The book seeks to answer both the misguided zeal of James Davenport and the cold intellectualism of Charles Chauncy – aberrant positions that we looked at last month. But it is noteworthy that the longest section of the book is an answer to Davenport’s position.
Edwards regarded the misguided zeal of those like Davenport as a much more serious hindrance to the advance of the gospel in times of revival than the cold intellectualism of Chauncy.
Affections are necessary
The first section of the book argues (against Chauncy) that biblical Christianity ‘consists in holy affections’. True faith is never found in a state of indifference to the things of God and Christ.
Such a state is what the Scriptures call lukewarmness, which to God is revolting. At its heart, the Christian life is a passionate engagement of the entire person in seeking the glorification of Jesus Christ. Edwards writes:
‘The Spirit of God, in those that have sound and solid religion, is a spirit of powerful holy affection; and therefore, God is said to have given them the spirit of power, and of love, and of a sound mind (2 Timothy 1:7).
‘And such, when they receive the Spirit of God, in his sanctifying and saving influences, are said to be baptised with the Holy Ghost, and with fire; by reason of the power and fervor of those exercises the Spirit of God excites in their hearts, whereby their hearts, when grace is in exercise, may be said to burn within them; as is said of the disciples (Luke 24:32).’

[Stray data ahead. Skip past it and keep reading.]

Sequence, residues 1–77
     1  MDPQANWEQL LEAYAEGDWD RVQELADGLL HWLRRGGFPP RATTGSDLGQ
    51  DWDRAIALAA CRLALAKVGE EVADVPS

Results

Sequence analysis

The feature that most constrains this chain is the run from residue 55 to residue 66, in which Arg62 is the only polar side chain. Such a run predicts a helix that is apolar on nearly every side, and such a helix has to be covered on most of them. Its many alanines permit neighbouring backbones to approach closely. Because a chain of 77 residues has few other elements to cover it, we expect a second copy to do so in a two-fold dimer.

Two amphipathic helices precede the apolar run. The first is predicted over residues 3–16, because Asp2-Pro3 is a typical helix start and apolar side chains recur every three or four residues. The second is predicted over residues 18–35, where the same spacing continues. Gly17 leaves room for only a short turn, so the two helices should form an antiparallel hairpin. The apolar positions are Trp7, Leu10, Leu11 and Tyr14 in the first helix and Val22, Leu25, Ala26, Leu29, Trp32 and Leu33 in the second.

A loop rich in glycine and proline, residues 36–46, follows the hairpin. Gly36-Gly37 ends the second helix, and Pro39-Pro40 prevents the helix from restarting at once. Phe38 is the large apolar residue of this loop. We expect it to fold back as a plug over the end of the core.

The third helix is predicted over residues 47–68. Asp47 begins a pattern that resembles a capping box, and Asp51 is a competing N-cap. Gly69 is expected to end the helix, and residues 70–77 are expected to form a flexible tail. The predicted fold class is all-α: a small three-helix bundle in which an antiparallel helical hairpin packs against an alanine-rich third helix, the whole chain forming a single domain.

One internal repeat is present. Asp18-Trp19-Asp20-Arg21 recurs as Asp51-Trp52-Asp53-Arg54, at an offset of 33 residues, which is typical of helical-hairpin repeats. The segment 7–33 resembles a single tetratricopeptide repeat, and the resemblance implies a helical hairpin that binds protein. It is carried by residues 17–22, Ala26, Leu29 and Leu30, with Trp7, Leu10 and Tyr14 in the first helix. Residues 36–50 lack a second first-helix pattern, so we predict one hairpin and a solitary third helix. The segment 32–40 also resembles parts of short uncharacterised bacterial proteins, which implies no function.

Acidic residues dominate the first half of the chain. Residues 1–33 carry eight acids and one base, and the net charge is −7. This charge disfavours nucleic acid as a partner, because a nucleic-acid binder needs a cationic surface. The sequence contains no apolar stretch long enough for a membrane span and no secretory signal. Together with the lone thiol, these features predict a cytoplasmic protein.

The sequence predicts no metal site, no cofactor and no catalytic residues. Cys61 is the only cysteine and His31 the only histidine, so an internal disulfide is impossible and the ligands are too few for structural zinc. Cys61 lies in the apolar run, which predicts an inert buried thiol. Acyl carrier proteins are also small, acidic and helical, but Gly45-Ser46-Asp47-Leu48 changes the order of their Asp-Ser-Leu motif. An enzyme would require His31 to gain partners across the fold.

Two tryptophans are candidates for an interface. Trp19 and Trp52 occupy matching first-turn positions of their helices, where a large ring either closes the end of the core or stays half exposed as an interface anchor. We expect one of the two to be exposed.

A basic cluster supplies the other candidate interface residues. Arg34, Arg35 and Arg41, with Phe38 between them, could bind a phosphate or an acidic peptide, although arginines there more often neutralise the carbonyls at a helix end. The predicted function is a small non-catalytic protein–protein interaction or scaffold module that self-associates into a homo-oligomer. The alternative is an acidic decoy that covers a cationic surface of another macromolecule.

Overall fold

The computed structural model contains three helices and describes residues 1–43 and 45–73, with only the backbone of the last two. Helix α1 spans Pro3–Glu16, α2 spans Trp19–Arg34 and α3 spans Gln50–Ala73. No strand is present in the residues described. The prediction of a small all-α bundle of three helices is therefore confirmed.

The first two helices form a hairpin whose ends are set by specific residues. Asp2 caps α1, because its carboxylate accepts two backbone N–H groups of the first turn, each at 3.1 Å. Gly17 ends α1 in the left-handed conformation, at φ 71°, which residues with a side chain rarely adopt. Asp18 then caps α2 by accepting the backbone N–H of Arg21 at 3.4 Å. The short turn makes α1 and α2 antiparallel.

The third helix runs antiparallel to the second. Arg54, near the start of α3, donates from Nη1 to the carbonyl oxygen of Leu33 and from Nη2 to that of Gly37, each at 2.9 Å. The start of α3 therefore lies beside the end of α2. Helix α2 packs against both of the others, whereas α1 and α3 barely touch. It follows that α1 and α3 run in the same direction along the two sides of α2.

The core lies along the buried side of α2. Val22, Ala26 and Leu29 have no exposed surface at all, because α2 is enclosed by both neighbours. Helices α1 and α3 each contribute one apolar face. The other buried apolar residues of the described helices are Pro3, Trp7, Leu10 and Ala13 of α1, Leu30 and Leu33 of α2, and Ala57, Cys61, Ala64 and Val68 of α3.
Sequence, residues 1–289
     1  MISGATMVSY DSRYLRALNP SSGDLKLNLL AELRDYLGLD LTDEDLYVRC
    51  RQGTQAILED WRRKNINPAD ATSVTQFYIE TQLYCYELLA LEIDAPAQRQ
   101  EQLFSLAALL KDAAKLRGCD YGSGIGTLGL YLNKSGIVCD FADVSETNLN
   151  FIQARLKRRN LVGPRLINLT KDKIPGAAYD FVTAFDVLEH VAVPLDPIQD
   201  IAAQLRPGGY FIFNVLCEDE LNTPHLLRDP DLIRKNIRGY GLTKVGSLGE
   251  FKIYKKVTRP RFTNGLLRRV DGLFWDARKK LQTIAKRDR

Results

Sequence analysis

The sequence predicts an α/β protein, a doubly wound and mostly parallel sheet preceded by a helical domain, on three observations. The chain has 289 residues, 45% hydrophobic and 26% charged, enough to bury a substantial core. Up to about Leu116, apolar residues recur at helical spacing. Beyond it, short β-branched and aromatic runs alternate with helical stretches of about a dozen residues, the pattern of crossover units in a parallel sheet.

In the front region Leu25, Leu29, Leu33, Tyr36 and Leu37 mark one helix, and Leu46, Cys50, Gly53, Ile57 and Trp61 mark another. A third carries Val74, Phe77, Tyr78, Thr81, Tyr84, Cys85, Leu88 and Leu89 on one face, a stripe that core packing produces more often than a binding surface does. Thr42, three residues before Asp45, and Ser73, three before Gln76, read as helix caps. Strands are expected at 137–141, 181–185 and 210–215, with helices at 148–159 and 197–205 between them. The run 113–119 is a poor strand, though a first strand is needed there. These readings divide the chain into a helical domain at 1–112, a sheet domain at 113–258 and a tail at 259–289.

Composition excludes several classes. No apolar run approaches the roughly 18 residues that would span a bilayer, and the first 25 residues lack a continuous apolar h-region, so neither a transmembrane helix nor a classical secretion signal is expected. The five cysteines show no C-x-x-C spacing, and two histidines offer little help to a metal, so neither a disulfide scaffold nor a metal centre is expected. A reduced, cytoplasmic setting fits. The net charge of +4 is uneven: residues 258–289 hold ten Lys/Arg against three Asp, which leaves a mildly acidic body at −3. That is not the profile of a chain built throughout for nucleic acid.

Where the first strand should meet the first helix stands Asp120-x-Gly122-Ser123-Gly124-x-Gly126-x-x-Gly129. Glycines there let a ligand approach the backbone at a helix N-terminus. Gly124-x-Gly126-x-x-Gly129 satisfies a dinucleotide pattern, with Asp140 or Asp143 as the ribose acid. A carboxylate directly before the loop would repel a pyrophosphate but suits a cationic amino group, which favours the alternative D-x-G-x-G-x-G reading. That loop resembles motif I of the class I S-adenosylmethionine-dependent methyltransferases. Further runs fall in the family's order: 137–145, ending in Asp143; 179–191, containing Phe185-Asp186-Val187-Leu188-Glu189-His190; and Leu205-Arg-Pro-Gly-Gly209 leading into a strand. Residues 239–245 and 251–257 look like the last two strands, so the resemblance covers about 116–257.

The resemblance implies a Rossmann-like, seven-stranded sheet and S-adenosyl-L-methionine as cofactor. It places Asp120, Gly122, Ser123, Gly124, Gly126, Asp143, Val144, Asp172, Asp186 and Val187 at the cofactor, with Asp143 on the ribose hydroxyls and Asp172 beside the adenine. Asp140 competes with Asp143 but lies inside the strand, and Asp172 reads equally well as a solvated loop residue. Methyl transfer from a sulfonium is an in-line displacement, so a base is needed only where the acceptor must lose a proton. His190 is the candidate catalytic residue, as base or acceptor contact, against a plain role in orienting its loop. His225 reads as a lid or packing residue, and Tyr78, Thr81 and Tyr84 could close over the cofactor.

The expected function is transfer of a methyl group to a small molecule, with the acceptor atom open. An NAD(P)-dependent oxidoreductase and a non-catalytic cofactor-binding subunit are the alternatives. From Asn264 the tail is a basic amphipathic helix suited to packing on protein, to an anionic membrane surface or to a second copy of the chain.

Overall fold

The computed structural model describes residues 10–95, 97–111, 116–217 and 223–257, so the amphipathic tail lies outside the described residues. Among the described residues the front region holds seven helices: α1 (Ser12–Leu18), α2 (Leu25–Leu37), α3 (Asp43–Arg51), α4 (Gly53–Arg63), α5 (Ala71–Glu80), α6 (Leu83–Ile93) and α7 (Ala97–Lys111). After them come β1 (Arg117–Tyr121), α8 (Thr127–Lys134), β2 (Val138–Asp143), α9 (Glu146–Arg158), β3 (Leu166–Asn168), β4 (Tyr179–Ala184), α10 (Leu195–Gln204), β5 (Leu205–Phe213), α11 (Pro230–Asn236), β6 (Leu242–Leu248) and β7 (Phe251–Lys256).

By the time Edwards wrote The Religious Affections, however, he was very conscious that in addition to the work of the Holy Spirit in the Great Awakening, Satan had also been powerfully active in producing a counterfeit religion. The latter was a religion that made much of experience, ‘discoveries of Christ’ and the supposed work of the Holy Spirit.
Knowing that some of his readers would be shocked at such assertions, Edwards rightly reasoned that the devil would never trouble himself to counterfeit valueless things: ‘there are many more counterfeits of silver and gold, than of iron and copper; there are many false diamonds and rubies, but who goes about to counterfeit common stones?’
Satan, ever the master of cunning and lies, employs his subtlety in making imitations of the most excellent things. Thus, it is vital to know the marks of genuine Christianity as it is laid out in the Scriptures. Edwards enumerates twelve such marks. Of the twelve, four are particularly noteworthy.
A love for God
Firstly, genuine love for God is based ultimately upon who God is in himself, not on what he does for us. If we love God chiefly because of what he does for us, then, instead of God being the purpose of our existence, he becomes a means to an end, namely our happiness and self-fulfilment.
But genuine Christians love God because he is altogether loveable and lovely. Edwards does not entirely rule out elements of self-love in our love for God. But he rightly argues that our love for God for who he is in himself must be primary.
Moreover, this love for God for who he is in himself is, above all, a love for God’s holiness. In the midst of his discussion of this third sign of genuine spirituality, Edwards makes a truly important contribution to the history of Reformed thought.
He states that the Holy Spirit imparts to sinners at their conversion a new way of perceiving spiritual reality. This sense is more than simply an awareness of and belief in God. It is nothing less than ‘a taste’ for God’s beauty and glory.
In the words of the American historian John E. Smith, ‘A love of God which does not include the taste and relish of the divine beauty is not the love which reveals the saints’. From Edwards’ perspective, the Christian, for example, does not merely rationally believe that God is glorious; he has a sense of the glory of God in his heart (2 Corinthians 4:6).
A tender heart